1. Computers
  2. Display Drivers
  3. Graphics Cards
  4. Memory
  5. Motherboards
  6. Processors
  7. Software
  8. Storage
  9. Operating Systems


Facebook RSS Twitter Twitter Google Plus


Phoronix Test Suite

OpenBenchmarking.org

The Linux Kernel Bang-Bang Thermal Governor Is Banging

Linux Kernel

Published on 22 July 2014 11:31 AM EDT
Written by Michael Larabel in Linux Kernel
Comment On This Article

Work is still underway on the new "Bang-bang" thermal governor for the Linux kernel.

As explained in the patch, the Bang-bang thermal governor is intended to control simple cooling fans that can only be on or off but not scale to a given load or boast other functionality. "The bang-bang thermal governor uses a hysteresis to switch abruptly on or off a cooling device. It is intended to control fans, which can not be throttled but just switched on or off. Bang-bang cannot be set as default governor as it is intended for special devices only. For those special devices the driver needs to explicitely request it."

The Bang-bang thermal governor remains under discussion on the kernel mailing list after patches for it originally appeared a few months back. Bang-bang will hopefully be ready for an upcoming kernel release (Linux 3.17?) and the latest technical discussion about it can be found via the LKML archives.

One Linux kernel driver already planning to utilize the Bang-bang thermal governor is the "Acerhdf" driver that serves as the fan driver for Acer's Aspire One and other Acer systems where it has a simple fan that only supports being on or off. Up to now the acerhdf driver has handled its own on-off controls by post-manipulating the kernel's thermal subsystem trip point handling but will now be able to utilize the unified Bang-bang governor.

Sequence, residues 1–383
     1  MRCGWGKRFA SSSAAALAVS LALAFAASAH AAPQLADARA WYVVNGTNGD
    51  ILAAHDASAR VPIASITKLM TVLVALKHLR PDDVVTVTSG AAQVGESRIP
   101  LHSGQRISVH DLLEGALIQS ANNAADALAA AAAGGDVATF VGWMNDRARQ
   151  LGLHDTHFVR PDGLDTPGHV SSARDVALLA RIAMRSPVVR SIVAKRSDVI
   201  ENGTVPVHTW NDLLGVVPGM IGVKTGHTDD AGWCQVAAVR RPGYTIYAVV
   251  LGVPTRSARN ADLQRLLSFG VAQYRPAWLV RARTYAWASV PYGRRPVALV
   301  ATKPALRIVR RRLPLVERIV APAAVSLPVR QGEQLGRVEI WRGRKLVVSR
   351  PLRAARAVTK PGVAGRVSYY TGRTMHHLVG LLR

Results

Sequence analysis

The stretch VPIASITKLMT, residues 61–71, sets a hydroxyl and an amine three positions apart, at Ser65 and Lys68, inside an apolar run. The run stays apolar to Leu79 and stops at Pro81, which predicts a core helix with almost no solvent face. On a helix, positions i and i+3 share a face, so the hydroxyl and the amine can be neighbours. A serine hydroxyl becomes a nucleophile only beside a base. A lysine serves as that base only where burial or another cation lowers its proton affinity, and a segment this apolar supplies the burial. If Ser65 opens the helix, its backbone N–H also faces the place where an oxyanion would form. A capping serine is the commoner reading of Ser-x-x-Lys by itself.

About The Author
Michael Larabel is the principal author of Phoronix.com and founded the web-site in 2004 with a focus on enriching the Linux hardware experience and being the largest web-site devoted to Linux hardware reviews, particularly for products relevant to Linux gamers and enthusiasts but also commonly reviewing servers/workstations and embedded Linux devices. Michael has written more than 10,000 articles covering the state of Linux hardware support, Linux performance, graphics hardware drivers, and other topics. Michael is also the lead developer of the Phoronix Test Suite, Phoromatic, and OpenBenchmarking.org automated testing software. He can be followed via and or contacted via .
Latest Articles & Reviews
  1. Linux Compiler Benchmarks Of LLVM Clang 3.5 vs. LLVM Clang 3.6-rc1
  2. Intel Broadwell HD Graphics 5500: Windows 8.1 vs. Linux
  3. Linux Benchmarks Of NVIDIA's Early 2015 GeForce Line-Up
  4. NVIDIA GeForce GTX 960: A Great $200 GPU For Linux Gamers
  5. Disk Encryption Tests On Fedora 21
  6. Xonotic 0.8 Performance With The Open-Source AMD/NVIDIA Gallium3D Drivers
Latest Linux News
  1. LZHAM 1.0 Lossless Data Compression Codec Released
  2. LibreOffice 4.4 Is Coming Soon With New Features
  3. Linux Users Upset By Chromium's Busted HiDPI Support
  4. BPF Backend Merged Into LLVM To Make Use Of New Kernel Functionality
  5. Dying Light Is Headed To Linux, SteamOS
  6. Wayland 1.6.1 & Weston 1.6.1 Released
  7. Mesa 10.4.3 Brings A Bunch Of Fixes For The Direct3D "Nine" Support
  8. Intel Has A Few More Graphics Changes For The Linux 3.20 Kernel
  9. Gummiboot Gains PE File Searching Support To Find Linux Kernels
  10. Wine 1.7.35 Starts Working On OpenGL Core Context Support
Most Viewed News This Week
  1. Windows 10 To Be A Free Upgrade: What Linux Users Need To Know
  2. CoreOS Moves From Btrfs To EXT4 + OverlayFS
  3. Google Admin Encourages Trying Btrfs, Not ZFS On Linux
  4. TraceFS: The Newest Linux File-System
  5. Mozilla's Servo Still On Track For 2015 Alpha Release
  6. My Initial Intel Broadwell Linux Experience With The ThinkPad X1 Carbon
  7. Fedora 23 Likely To Pursue Wayland By Default
  8. Keith Packard Leaves Intel's Linux Graphics Work